September 25, 2018
Bruce Hanson, Hanson Communications
Hanson Communications owner Bruce Hanson discusses how his company is investing in next generation networks and the challenges and opportunities of a multi-state structure.
Tell us about Hanson Communications.
Hanson Communications is a family telecommunications company started in 1951 by Wes Hanson. The company consists of seven ILECs in three states; Minnesota, South Dakota, and Ohio, as well as cable systems in those states plus Nebraska. We also have a CLEC in Ohio which serves business and residential customers in the west-central part of the state. Today, the second and third generations of the Wes Hanson family operate the business with over 100 employees and serving around 30,000 customers.
What is your biggest or most recent corporate accomplishment?
Our most significant accomplishment has only just begun as the second generation of the Hanson family transitions operations to the family’s third generation. Our adoption of the FCC’s A-CAM funding mechanism, coupled with a nearly $5 million grant from the State of Minnesota and recent changes in the State and Federal tax laws for accelerated depreciation of new equipment, is helping us improve our broadband network, including the process of transitioning some of our most expensive plants to FTTH. Our CLEC also completed a joint project with the Findlay Public Schools of a 20 mile fiber ring, allowing us to attract Fortune 500 companies as customers in Findlay, Ohio.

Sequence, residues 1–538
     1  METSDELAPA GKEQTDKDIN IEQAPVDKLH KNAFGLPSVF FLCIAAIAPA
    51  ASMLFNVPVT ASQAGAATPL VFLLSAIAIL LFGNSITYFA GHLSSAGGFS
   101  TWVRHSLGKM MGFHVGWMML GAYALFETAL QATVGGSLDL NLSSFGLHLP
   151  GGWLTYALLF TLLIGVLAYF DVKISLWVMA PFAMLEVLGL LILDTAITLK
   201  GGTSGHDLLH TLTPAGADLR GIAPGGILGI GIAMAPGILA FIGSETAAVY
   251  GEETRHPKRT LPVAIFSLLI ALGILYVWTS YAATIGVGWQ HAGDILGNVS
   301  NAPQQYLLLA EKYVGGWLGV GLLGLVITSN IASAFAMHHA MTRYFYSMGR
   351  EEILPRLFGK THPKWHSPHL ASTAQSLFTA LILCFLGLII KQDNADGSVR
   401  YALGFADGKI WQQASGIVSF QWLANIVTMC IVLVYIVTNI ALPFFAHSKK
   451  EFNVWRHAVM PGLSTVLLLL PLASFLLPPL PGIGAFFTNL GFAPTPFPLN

When you think about your company’s future, what, if anything, keeps you up at night?
With technologies evolving at the speed of light, if can be challenging to anticipate our customer service expectations. Telecommunications companies have always had to make investments in networks that have decades of useful life. Technological evolution, however, has challenged the decision-making process. That is why we have adopted fiber solutions that are future proof. Cord cutting is another challenge. We have seen our cable television systems decline in value with the attrition of customers, and an increase in content costs, which threaten the sustainability of the business model.
What unique challenges does your company face while serving rural communities over a three state area?
We have always viewed our multi-state structure as important to insuring our viability. Many young, talented people, however, are pursuing careers in urban areas leaving a void of well qualified people to fill good-paying jobs. Customers in rural communities want to be as connected as their peers in urban areas, but smaller, rural providers have limits on the dollars they can invest in hard to reach areas, as well as a limited number of people to do the work. It takes a lot of planning and time to build these areas and people don’t always have the patience to wait.
What are two websites that you can’t get through the day without checking?
WSJ.com and CNBC.com